When it comes to comparing audio equipment like speakers or headphones, it is difficult to avoid biased opinions from manufacturers and designers, since it is inevitable that each one has formulated its business model based on an individual preference and an ideal concept.
With this in mind, it stands to reason that a company that makes amplifiers, consoles, or mixing systems might have a more neutral perspective about the types of devices that might be used with their equipment, and the various pros and cons of each,
Nason Tackett is the senior design engineer of Hear Technologies. The company has already made a reputation with Tackett’s cutting-edge monitor mixing units and recording interfaces, as well as other audio/video support devices. Hear offers tablet-sized mixing consoles that allow musicians and vocalists to customize their respective headphone mixes for recording in the studio or for live performance. Although small, these consoles can submix up to 128 channels with a frequency response of 20 Hz to 20 kHz and a sampling rate up to 192 kHz.
Nason Tackett of Hear Technologies.
Nason graciously made time to share some insights about headphones, in-ear monitors (IEMs) and earbuds from the perspective of the company’s musician, producer and engineering clients, as well as looking at the gray zone that separaes audiophile and professional audio equipment.
John Seetoo: Owsley Stanley, best known for his audio R&D involvement with the Grateful Dead and (sound and musical instrument company) Alembic, held a philosophy that hi-fi home audio gear and pro audio gear should have negligible performance differences apart from the durability requirements of pro audio gear. This is an outlook shared by Pat Quilter of QSC Audio (Copper Issues 118, 119 and 120) and John Meyer of Meyer Sound (Copper Issues 99, 100 and 101).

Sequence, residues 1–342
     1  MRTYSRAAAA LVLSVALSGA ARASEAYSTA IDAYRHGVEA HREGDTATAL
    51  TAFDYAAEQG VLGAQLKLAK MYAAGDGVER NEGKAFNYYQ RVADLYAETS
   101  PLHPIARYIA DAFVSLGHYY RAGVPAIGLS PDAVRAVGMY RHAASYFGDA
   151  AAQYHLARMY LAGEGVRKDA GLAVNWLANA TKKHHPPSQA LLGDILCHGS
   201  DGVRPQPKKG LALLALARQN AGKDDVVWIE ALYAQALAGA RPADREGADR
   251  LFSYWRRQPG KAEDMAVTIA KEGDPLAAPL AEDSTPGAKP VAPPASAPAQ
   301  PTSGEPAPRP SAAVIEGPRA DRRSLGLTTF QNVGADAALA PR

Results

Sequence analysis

Do you share or differ with this philosophy?
Another question: apart from mixing capabilities, in what ways does your design of the Hear Back mixing units for musicians differ from or are comparable to audiophile headphone DAC/amps?
Nason Tackett: I do share this philosophy. If I am designing equipment that will be used in the creation of music recordings, I want the accuracy to be at least as accurate if not more accurate than what someone will listen to the playback of the recording on, even if [they will be listening on] a very high-end system. You want to hear all the detail [as well as] all the ugly parts as you make the recording. You don’t want to cover them up and then have someone hear them during playback on a [home] hi-fi system.
The headphone monitoring systems that I have designed are very much like audiophile headphone DAC /amps. The goals in designing them were to be accurate, to avoid coloring the sound, and [to be] as low [in] noise as possible. I like to be able to turn up the master volume and have no hiss. Thankfully, I am in a situation where I’m able to design the best piece of gear I can without anyone telling me to cut corners or cut costs. I just do what it takes to make it the best that I can.
I ran my own live sound and recording company for over a decade, so while designing these products I brought my pair of near-field studio monitors in that I was familiar with, and used them to critically listen to every product I made. I trusted my ears as much as what the test equipment was showing me.
JS: While IEMs are the likely default listening platform for musicians using Hear Back PRO monitoring units in a live setting, headphones of all types probably would be deployed when used in the recording studio. Can you discuss a bit about the differences in headphone types that clients have been using, and any advice for optimal use? For example, would someone in the studio using AKG headphones have an easier time than someone using Dr. Dre Beats?
A Hear Back PRO mixer at Muscle Shoals Sound Studio. Photo by Jessica Coleman.
NT: I will refer to headphones and IEMs (in-ear monitors) collectively as “phones.”
We see people using everything! There is no right answer to what someone should use. It depends on your needs. Some people think [that] using something that has a razor-flat frequency response is the right answer, but this is not necessarily true. Everyone’s hearing is different. People have hearing loss in different areas, so what works for one person might not for another. Your brain gets used to equipment [that] you use frequently.